By Christopher Farrell
The economy may be stumbling and the stock market floundering, but the American Dream is thriving. Americans are snapping up houses, remodeling their homes, and refinancing their mortgages at an astonishing pace.
The Mortgage Bankers Assn.'s index of mortgage applications rose by 3.6% for the week ended Aug. 3. The home has once again replaced equities as the single largest asset in the household portfolio, with the median home price up by almost 9% over the past year and the stock market down by 17%.
The housing market has shored up the economy during this latest downturn. In sharp contrast, housing has led every other precipitous decline in economic activity over the past half century. This year is shaping up to be the second-best housing market on record.
BEWARE THE BUBBLE.
Does a nightmare lurk on Elm Street? Some economists worry the housing market is turning into a financial bubble, an unstable state of affairs that will eventually pop, with dismaying results. "I would not be surprised if all this leads to a new speculative bubble in housing in some parts of the country, or perhaps all parts with the exception of Silicon Valley, Greenwich, and the Hamptons," says Edward Yardeni, chief investment strategist at Deutsche Banc Alex. Brown.
There are some classic warning signs of an emerging mania. Home prices keep reaching new highs despite deteriorating fundamentals, such as a weak economy and widespread layoffs. The strong market is luring more people to stretch their finances and buy a home, with a median price tag of $146,900 in the second quarter.
Loans are turning sour at a troubling rate at banks that shoveled mortgage money at borrowers with poor credit histories during the economic expansion. Like the stock market in the late '90s, the housing market now seems to dominate financial discussions among friends, neighbors, and colleagues.
Yet the image of a bubble bursting isn't the right metaphor when it comes to housing. True, the current torrid pace of price appreciation is unsustainable. A handful of communities highly dependent on the high-tech industry for jobs are vulnerable to a sharp fall in prices. But the odds are that the housing market will simply cool off over the coming year, with price gains easing to a more restrained pace.
Housing is not a bubble in the making. Housing activity, while still strong, has actually been easing a bit recently. That's a healthy sign.
Why no boom and bust? The housing market frequently stalls, but prices rarely collapse like the Nasdaq in 2000 or oil prices in 1986. When prices drop too low, the supply of homes on the market is drastically reduced as many people take down their "for sale" signs. That reduced supply helps prop up the market. Both fixed-rate and adjustable-rate mortgages are at favorable levels.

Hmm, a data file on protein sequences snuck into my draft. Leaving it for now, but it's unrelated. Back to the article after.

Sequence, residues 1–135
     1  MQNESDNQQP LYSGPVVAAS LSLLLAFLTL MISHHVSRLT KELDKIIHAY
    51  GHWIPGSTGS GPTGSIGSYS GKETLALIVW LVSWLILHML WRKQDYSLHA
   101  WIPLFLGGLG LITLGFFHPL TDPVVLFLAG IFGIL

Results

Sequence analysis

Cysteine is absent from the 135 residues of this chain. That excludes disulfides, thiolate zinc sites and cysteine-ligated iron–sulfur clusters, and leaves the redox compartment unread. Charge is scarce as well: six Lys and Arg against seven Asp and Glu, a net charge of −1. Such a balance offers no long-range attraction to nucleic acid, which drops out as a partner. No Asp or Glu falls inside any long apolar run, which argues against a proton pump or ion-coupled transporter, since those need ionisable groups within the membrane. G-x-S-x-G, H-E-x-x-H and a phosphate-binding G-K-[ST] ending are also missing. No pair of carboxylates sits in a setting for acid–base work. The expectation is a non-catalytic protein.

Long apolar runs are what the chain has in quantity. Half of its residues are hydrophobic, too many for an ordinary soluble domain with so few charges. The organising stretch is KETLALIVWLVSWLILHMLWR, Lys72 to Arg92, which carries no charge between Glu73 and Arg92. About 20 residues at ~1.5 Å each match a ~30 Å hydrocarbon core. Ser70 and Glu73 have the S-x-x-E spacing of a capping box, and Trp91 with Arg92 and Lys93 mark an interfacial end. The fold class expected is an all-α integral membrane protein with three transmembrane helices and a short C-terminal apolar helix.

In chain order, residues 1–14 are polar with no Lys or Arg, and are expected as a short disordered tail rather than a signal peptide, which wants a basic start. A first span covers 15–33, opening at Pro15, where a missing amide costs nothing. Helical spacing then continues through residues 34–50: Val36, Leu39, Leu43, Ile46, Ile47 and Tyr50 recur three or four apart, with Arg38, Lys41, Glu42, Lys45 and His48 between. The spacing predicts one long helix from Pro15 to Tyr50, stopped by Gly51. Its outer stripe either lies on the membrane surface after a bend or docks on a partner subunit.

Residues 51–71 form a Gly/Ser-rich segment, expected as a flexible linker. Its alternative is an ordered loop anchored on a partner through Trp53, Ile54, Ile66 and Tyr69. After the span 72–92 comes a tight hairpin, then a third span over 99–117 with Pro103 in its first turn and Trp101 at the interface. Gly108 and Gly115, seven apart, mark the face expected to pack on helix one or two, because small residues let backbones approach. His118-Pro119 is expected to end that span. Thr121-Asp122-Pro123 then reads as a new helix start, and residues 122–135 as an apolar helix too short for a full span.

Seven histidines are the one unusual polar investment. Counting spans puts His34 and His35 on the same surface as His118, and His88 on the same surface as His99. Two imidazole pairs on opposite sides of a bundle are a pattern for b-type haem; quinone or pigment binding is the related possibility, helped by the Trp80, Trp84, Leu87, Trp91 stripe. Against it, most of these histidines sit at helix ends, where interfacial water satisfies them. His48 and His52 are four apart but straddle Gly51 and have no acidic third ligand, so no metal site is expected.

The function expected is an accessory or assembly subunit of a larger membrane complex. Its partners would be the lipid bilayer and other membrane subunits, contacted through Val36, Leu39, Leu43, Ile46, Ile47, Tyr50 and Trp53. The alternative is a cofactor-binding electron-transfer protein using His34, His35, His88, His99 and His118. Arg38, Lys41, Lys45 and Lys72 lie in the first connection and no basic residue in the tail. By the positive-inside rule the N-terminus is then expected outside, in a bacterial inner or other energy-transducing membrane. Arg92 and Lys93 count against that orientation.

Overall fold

Also, it's only when job losses skyrocket and personal incomes plunge that home prices spiral lower. For instance, the housing market was hammered during the Great Depression, and home prices in the Southwest's oil belt plummeted along with energy prices in the '80s. Today, the labor market appears to be stabilizing.
The government's latest job report was better than expected. The unemployment rate stayed stable at 4.5% and the 42,000-person drop in payrolls came in at about half the consensus expectation. Jobless claims for unemployment insurance have also plunged -- falling to 346,000 from a recent trend of some 400,000 -- although some seasonal-adjustment quirks probably exaggerate the improvement. Wages are up by 4.4% from a year ago, the best performance in three years.
The longer-term demographics are also positive. The "echo boomers" -- those in the mini baby boom of the mid '80s -- are getting close to adulthood, and they'll drive up demand for starter homes even as the original baby boomers trade up for bigger homes.
Immigrants and minorities are supporting the housing market in many metropolitan areas. Minorities will account for about two-thirds of household growth over the next 10 years, write economists at the Joint Center for Housing Studies at Harvard University in their latest annual report, "The State of the Nation's Housing." (You can download the richly detailed 40-page report at www.gsd.harvard.edu/jcenter.)
Add it all up, and the current mix of short- and long-term factors suggests housing will continue to support the economy.
Farrell is contributing economics editor for BusinessWeek. His Sound Money radio commentaries are broadcast over National Public Radio on Saturdays in nearly 200 markets nationwide. Follow his weekly Sound Money column, only on BW Online
Edited by Douglas Harbrecht